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J Neurosurg. 1987 Jul;67(1):110-9.

A fluid percussion model of experimental brain injury in the rat.


Fluid percussion models produce brain injury by rapidly injecting fluid volumes into the cranial cavity. The authors have systematically examined the effects of varying magnitudes of fluid percussion injury in the rat on neurological, systemic physiological, and histopathological changes. Acute neurological experiments showed that fluid percussion injury in 53 rats produced either irreversible apnea and death or transient apnea (lasting 54 seconds or less) and reversible suppression of postural and nonpostural function (lasting 60 minutes or less). As the magnitude if injury increased, the mortality rate and the duration of suppression of somatomotor reflexes increased. Unlike other rat models in which concussive brain injury is produced by impact, convulsions were observed in only 13% of survivors. Transient apnea was probably not associated with a significant hypoxic insult to animals that survived. Ten rats that sustained a moderate magnitude of injury (2.9 atm) exhibited chronic locomotor deficits that persisted for 4 to 8 days. Systemic physiological experiments in 20 rats demonstrated that all levels of injury studied produced acute systemic hypertension, bradycardia, and increased plasma glucose levels. Hypertension with subsequent hypotension resulted from higher magnitudes of injury. The durations of hypertension and suppression of amplitude on electroencephalography were related to the magnitudes of injury. While low levels of injury produced no significant histopathological alterations, higher magnitudes produced subarachnoid and intraparenchymal hemorrhage and, with increasing survival, necrotic change and cavitation. These data demonstrate that fluid percussion injury in the rat reproduces many of the features of head injury observed in other models and species. Thus, this animal model could represent a useful experimental approach to studies of pathological changes similar to those seen in human head injury.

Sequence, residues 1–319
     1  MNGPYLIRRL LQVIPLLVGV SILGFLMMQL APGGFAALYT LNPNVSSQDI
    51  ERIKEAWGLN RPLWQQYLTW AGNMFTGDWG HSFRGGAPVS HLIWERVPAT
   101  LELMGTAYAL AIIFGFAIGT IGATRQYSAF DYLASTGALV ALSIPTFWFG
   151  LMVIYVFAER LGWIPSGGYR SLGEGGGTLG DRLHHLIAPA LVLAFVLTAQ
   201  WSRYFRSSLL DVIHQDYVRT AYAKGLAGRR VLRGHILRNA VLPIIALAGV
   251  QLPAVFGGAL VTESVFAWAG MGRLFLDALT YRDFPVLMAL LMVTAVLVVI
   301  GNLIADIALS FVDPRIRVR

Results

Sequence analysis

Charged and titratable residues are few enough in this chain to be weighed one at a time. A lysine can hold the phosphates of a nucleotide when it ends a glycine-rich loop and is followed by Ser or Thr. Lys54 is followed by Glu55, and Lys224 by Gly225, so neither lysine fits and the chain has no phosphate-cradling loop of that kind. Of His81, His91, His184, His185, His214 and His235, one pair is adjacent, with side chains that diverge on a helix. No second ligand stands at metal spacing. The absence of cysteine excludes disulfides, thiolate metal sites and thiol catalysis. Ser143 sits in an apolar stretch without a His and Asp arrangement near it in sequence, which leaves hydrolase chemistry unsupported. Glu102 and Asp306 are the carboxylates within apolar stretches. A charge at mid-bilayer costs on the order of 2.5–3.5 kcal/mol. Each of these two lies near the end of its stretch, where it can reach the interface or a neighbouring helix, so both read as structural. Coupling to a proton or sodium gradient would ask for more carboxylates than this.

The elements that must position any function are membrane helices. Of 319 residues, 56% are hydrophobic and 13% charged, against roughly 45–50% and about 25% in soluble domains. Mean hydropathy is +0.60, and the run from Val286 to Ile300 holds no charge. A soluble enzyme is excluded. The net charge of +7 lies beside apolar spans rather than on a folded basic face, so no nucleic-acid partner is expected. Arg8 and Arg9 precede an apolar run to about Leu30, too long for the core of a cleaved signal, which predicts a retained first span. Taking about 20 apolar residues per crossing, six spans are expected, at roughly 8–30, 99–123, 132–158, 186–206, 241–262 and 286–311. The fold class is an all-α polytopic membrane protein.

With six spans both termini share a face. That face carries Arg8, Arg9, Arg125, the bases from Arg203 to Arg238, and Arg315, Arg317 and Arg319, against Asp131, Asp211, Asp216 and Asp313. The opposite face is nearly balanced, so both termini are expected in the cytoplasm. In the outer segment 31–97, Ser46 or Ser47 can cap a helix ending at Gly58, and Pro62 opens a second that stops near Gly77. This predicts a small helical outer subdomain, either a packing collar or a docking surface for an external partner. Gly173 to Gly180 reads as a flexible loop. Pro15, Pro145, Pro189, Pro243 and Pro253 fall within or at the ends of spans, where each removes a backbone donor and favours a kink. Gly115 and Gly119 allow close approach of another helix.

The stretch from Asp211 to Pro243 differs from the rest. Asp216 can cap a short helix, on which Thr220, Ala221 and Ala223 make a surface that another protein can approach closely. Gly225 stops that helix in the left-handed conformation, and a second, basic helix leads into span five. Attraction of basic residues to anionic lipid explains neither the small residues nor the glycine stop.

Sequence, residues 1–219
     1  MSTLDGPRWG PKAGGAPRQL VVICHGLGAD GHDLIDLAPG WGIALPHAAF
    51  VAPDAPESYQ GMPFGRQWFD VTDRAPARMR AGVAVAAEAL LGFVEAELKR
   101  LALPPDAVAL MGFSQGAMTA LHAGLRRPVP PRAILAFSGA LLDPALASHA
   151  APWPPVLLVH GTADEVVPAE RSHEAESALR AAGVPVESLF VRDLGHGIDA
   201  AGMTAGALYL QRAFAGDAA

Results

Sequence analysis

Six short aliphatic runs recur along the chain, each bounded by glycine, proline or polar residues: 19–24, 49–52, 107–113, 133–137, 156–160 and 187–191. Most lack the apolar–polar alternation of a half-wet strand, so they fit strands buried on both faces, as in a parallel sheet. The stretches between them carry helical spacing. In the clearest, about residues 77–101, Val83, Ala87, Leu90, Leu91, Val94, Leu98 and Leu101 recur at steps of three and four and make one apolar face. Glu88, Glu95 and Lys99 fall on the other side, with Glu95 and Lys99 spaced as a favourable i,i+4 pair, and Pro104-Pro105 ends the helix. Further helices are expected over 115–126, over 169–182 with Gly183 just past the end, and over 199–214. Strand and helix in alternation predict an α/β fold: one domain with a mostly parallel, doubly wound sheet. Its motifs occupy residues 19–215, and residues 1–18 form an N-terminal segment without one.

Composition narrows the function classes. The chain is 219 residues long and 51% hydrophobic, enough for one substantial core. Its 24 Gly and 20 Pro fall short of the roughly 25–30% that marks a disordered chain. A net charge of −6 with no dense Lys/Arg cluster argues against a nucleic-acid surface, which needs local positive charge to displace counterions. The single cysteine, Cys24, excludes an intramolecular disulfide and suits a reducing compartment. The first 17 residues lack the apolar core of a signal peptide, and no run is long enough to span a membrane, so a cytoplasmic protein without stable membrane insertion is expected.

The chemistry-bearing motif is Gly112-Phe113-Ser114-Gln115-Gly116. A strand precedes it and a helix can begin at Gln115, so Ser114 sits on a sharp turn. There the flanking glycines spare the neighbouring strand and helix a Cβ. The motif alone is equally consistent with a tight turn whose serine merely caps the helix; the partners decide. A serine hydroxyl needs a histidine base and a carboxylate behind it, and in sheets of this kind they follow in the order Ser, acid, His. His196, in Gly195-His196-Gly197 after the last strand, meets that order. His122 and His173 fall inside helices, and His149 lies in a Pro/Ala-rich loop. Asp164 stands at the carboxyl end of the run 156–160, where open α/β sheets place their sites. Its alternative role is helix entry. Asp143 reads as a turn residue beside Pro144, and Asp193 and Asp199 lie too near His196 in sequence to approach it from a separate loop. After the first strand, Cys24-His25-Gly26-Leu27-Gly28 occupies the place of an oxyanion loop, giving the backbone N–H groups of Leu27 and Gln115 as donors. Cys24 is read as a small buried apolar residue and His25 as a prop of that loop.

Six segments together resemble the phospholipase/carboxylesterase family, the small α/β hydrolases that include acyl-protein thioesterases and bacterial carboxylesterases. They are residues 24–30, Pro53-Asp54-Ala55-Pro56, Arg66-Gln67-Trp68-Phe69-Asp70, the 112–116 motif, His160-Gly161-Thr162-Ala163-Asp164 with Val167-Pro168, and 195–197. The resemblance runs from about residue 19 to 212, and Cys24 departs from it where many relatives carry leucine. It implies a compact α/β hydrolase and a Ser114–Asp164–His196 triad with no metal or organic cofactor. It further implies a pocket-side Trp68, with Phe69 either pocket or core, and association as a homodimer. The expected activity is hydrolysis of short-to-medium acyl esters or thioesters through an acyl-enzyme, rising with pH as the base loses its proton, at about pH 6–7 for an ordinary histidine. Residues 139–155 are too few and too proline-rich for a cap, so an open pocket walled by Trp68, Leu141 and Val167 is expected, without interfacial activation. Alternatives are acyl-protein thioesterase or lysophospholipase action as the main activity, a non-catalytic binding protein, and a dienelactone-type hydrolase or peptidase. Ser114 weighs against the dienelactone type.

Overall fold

[PubMed - indexed for MEDLINE]
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